I’m not suggesting this is improper because unlike the public service there is no objective examination to guarantee merit-based employment in the private sector even when they are financed by the public purse. There is also less accountability towards clients and jobseekers than in the public sector because they are not subject to Freedom of Information laws and can always claim commercial confidentiality. However it is not just disabled job seekers without connections who are disadvantaged by the privatised disability service sector. When I looked at their website I was horrified to see a photograph showing homeless youth being trained to silkscreen printed Tshirts, without any protective gloves, breathing mask or eyewear. As a four-year trained high school art teacher I knew that this presented a huge occupational health and safety issue but apparently if you are homeless and unemployed, then life is considered very cheap indeed by these private sector job trainers. Just like convicted prisoners the government has legislated to ensure that unemployed people are unable to sue job service providers or Centrelink if they are harmed by their negligence. Will this discriminatory legislation also be extended to people with disabilities?One suspects that behind all this talk of focusing on ability is a hidden agenda to deny full acceptance and respect for people’s disabilities, brushing aside individual needs and failing to enable supported workforce participation. Why treat people with disabilities as second class citizens by refusing to listen to what we need and even failing to include us in the anti-villification laws that protect other minorities? When it comes to social inclusion initiatives policymakers are still not on the same page. Professor Corinne Mulley, Sydney University’s Chair of Public Transport has proposed not allowing welfare recipients to travel on Sydney’s public transport during peak hours to solve congestion. Considering that most people with disabilities cannot work full-time and must access welfare payments to survive then this divisive proposal if implemented will cause further disadvantage. It is dehumanising and denies us any hope of social acceptance and full workforce participation. Whatever happened to all the hoopla about social inclusion? The silence from relevant government departments and the disability services lobby over this proposal has been deafening. It just shows that the ’Don’t Dis My Ability’ publicity campaign lacks credibility.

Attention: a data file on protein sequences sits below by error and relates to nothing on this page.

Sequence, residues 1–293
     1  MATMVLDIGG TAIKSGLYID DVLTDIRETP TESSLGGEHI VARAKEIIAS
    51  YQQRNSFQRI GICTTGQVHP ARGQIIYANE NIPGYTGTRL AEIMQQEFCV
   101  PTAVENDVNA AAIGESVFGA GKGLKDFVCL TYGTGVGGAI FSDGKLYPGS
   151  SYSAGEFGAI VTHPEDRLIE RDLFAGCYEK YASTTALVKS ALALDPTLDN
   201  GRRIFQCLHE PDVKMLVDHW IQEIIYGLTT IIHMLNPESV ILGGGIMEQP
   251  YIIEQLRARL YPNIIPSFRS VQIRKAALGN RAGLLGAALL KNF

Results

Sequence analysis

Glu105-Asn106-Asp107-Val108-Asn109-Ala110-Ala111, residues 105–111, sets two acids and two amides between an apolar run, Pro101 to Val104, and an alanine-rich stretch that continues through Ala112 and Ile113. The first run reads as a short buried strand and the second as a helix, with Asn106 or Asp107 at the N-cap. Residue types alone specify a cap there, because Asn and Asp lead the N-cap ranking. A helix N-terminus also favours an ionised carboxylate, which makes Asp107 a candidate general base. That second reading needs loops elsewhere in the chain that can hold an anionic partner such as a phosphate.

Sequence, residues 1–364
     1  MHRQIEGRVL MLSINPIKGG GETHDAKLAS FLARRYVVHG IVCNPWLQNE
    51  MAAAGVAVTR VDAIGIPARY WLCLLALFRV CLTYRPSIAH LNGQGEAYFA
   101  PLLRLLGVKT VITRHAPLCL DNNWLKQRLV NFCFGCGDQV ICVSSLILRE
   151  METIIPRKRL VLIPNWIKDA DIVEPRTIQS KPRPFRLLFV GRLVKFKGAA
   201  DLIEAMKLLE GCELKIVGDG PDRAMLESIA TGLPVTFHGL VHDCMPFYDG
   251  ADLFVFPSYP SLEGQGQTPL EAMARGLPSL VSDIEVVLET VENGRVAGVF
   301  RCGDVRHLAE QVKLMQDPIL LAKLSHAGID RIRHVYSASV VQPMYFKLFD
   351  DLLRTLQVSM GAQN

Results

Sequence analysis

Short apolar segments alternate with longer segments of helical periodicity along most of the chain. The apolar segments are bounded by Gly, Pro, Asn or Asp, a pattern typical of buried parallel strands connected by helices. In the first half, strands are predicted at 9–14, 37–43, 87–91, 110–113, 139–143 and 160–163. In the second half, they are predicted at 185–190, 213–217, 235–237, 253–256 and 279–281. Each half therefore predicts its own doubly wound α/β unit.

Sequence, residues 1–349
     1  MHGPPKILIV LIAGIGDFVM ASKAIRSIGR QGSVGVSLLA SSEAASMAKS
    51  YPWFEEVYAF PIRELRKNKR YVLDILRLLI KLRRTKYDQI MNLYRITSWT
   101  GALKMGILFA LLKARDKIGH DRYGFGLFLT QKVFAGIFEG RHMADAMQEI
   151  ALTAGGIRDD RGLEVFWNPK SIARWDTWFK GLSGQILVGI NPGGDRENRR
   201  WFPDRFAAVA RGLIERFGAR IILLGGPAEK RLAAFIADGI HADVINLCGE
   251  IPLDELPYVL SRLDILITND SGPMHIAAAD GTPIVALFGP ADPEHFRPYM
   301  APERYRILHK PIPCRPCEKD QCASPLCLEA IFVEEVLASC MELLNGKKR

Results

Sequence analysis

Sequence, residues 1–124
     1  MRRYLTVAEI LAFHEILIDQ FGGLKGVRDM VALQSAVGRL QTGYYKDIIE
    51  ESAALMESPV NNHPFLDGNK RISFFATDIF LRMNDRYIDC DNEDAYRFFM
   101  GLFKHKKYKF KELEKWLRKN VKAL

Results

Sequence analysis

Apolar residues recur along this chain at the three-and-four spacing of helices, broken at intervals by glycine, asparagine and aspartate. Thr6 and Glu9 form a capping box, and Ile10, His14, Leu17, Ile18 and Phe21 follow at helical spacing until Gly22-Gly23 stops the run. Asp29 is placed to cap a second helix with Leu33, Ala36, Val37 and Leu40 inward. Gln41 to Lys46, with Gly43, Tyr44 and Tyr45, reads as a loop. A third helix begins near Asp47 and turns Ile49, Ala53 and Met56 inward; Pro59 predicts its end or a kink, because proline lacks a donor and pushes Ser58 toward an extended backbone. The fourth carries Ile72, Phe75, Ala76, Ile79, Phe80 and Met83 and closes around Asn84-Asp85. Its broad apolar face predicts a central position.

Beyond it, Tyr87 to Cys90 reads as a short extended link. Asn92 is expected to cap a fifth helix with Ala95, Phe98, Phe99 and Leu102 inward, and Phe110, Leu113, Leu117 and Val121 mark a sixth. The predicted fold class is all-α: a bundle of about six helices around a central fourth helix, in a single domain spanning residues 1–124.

If policymakers are serious about focusing on ability then they should recommend quotas for employing disadvantaged jobseekers in all publicly funded positions such as the job service sector, the creative industries and promised new green enterprises. Either that or change the policy settings for the economy away from controlling inflation towards controlling unemployment as was done from the end of the second world war until the mid 1970s. Most economists believe its harder to control inflation if unemployment falls below 4.75% so Reserve Bank and government policies now ensure there is never full employment. But if unemployment is so important for lowering inflation and guaranteeing the health of our economy then why not rotate under/unemployment and give everyone a turn at being employed? The unemployment queue is perhaps the only queue, where the longer you wait your turn for a job, the less chance you have of reaching your destination. Why should the burden of under/unemployment be placed exclusively upon disadvantaged Australians such as the long-term unemployed and people living with disabilities or those with insufficient class connections? Why not advance Australia FAIR?
also published in the Green Left Weekly http://www.greenleft.org.au/node/49658